With a smartphone being in the pocket of 92% of UK Citizens, the appeal of Smishing attacks continues to grow for Cyber attackers.
Smishing is where an attacker will send a text message to a collection of people’s mobile phones. These messages pose as legitimate and often contain a link to a malicious website that is designed to trick you into entering your personal information. Smishing is primarily done through SMS messaging, however, has evolved to also target popular online messaging services, such as WhatsApp.
Smishing attacks will often replicate legitimate messages where it would be normal to expect personal details to be required. These include notifications from public services (such as the NHS, HMRC and GOV UK) financial institutions (such as your bank) or delivery companies (such as DPD and Royal Mail). These messages will often be short urgent messages that require you to do something in order to prevent a negative event from happening. A common example of this is you are required to provide your details to release a package to prevent it from being returned to the depot.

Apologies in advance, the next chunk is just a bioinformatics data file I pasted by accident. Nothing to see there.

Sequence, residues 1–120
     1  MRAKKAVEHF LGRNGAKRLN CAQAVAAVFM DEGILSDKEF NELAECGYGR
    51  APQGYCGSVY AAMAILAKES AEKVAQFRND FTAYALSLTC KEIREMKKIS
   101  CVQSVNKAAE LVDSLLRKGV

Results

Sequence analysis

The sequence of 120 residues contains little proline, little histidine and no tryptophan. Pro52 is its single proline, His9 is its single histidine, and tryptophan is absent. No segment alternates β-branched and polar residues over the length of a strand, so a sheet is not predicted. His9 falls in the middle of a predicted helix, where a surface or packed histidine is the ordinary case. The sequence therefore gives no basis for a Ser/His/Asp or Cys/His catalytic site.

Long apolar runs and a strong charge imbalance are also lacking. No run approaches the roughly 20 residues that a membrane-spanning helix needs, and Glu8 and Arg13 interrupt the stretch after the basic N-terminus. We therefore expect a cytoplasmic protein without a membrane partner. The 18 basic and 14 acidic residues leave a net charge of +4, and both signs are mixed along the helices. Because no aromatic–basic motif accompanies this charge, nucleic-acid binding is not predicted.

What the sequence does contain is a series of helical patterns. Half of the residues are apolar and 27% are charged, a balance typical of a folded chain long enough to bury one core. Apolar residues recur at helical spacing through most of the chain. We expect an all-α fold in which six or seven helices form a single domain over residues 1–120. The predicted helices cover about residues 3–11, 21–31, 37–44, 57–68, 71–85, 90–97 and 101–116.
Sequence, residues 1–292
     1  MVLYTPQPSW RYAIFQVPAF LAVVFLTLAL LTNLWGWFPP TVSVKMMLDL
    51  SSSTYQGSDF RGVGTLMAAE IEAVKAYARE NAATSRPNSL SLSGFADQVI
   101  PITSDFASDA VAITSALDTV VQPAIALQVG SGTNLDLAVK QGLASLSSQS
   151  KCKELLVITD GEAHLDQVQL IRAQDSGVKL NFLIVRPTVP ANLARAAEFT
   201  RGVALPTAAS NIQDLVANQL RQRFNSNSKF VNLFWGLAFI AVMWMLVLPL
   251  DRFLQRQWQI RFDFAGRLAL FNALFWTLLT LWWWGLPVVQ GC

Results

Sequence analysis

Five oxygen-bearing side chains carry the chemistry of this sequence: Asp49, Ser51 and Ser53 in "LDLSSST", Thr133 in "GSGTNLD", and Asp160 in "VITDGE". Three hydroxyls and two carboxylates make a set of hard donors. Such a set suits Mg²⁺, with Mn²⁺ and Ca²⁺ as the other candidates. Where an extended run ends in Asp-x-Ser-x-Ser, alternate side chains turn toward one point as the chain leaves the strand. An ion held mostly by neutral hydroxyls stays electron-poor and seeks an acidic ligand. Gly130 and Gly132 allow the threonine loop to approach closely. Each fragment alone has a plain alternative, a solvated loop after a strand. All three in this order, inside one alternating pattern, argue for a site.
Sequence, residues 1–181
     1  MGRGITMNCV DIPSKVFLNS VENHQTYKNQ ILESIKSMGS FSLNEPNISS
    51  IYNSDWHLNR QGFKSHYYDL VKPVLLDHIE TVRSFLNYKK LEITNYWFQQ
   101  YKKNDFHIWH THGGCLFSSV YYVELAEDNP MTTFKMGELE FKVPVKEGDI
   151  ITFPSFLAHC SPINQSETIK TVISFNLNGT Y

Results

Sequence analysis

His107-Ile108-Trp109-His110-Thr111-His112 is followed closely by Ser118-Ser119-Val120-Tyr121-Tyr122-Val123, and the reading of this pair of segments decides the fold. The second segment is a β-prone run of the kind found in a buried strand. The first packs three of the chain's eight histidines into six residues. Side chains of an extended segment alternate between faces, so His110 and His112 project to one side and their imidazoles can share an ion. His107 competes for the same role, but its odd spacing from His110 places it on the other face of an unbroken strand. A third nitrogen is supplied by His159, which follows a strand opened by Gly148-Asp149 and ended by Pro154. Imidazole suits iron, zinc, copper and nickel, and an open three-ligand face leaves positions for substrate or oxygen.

With the current cost of living crisis and a rapidly changing political landscape, it is easy for Cyber attackers to exploit new schemes with confusing smishing attacks. An example of this is shown in the photo below,
This message claims to be from GOV-UK offering £400 to support you with your energy bill. This message is believable as the UK government is currently offering a scheme which provides a £400 energy grant for all households. However, upon closer inspection, there are alarm bells to look out for that show the message is not genuine.
The first red flag is that the message has come from a random mobile number, a genuine government message would typically display as being sent from GOV.uk.
The main red flag is the link on the message. The link is to an unexpected .com domain. You can infer this from a quick search online for the government website using a trusted search engine (such as Google). This shows that all UK government websites use the gov.uk web address. Therefore, this link is not from the government and is a Cyber Attack.
It is nearly impossible to prevent yourself from receiving these malicious messages, however, they are harmless without your interaction. For the Cyber attacker to gain any of your information you have to provide it, either by replying to the message, clicking links within the message or downloading and opening any attachments sent. Simply deleting the message prevents any harm to your personal information and your smartphone.
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